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Interesting. While I see why many would wait to claim, everyone has to look at their own situation.being single with no kids I have debated that same question wait until 67 or 70 and use my investments or get at 62 and llet my investment ride.
It always goes back to, none of us know how long we will live so while the avg age might be going up, you never know. My grandfather,father and uncle all passed away 79-80 range.
At the end you should feel comfortable with your decision and live your life and not have to constantly worry about wether you made right decision.
Life is short enjoy it
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Old 04-01-2015, 09:43 PM
 
1,168 posts, read 2,404,071 times
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Quote:
Originally Posted by mathjak107 View Post
Think how well a 33/33/33% mix of roths, taxable and traditionals could work while delaying ss.

you could pull as much as 320k over 8 years at barely over a 4% tax rate as well as sell equities at zero tax in a taxable account.

by the time rmds kicked in you would have already gotten rid of 320k worth with 1/2 going through tax free..

the roths would spin off no taxable income , perhaps ss wouldn't get taxed and you still may be in the zero capital gains bracket.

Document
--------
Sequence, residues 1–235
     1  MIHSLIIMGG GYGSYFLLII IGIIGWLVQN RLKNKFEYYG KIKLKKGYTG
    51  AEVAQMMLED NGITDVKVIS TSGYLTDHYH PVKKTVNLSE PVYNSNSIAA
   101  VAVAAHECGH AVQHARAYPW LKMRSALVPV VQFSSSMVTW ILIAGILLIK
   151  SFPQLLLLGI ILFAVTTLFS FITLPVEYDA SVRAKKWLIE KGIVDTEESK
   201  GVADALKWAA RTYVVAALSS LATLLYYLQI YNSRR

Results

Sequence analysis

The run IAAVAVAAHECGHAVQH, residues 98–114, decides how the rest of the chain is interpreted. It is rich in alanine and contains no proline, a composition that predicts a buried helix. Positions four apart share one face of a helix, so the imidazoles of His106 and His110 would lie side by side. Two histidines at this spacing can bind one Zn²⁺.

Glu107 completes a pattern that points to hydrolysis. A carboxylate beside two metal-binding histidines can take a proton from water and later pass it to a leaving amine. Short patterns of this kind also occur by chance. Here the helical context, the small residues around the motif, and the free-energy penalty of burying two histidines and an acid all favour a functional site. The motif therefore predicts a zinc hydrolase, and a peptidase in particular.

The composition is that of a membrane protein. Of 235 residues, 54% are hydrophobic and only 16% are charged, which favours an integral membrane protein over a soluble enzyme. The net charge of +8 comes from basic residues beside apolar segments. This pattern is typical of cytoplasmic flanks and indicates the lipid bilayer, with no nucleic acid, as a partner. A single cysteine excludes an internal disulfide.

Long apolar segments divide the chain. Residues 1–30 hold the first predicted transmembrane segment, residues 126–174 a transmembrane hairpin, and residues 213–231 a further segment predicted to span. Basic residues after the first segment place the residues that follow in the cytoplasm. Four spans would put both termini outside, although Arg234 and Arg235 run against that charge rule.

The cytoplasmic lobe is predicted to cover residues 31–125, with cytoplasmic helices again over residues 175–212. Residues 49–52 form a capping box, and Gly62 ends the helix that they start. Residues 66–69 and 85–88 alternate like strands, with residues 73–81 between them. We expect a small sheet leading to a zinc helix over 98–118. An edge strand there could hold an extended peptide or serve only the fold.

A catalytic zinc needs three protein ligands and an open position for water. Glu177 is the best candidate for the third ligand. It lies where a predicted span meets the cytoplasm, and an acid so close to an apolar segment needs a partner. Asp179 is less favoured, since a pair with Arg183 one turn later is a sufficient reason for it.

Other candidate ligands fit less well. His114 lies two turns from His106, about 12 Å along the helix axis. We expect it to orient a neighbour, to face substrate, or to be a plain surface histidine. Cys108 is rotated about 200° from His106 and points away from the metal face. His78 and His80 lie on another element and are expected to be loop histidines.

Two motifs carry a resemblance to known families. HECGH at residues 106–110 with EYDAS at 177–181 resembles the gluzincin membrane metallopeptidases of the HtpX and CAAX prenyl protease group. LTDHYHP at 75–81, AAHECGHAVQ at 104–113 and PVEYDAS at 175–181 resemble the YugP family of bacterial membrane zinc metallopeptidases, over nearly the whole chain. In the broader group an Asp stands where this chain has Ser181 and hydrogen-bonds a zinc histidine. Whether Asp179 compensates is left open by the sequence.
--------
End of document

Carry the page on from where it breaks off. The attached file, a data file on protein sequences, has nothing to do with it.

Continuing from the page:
that would be ideal but it takes early planning and knowledge which is generally wasted on the young . few have the knowledge or understanding of all the tax aspects yet of retirement.

all they know is buy index funds and I want my tax deduction now..

What do you mean by "gotten rid of"? do you mean converting 401K funds to Roth funds? or do you mean getting rid of it by living off it? I'm not sure if it was in this thread- but you mentioned while delaying SS it was a good time to convert 401K to Roth- that's what I'm trying to understand- thanks
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Old 04-02-2015, 02:48 AM
 
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Originally Posted by exit82 View Post
What do you mean by "gotten rid of"? do you mean converting 401K funds to Roth funds? or do you mean getting rid of it by living off it? I'm not sure if it was in this thread- but you mentioned while delaying SS it was a good time to convert 401K to Roth- that's what I'm trying to understand- thanks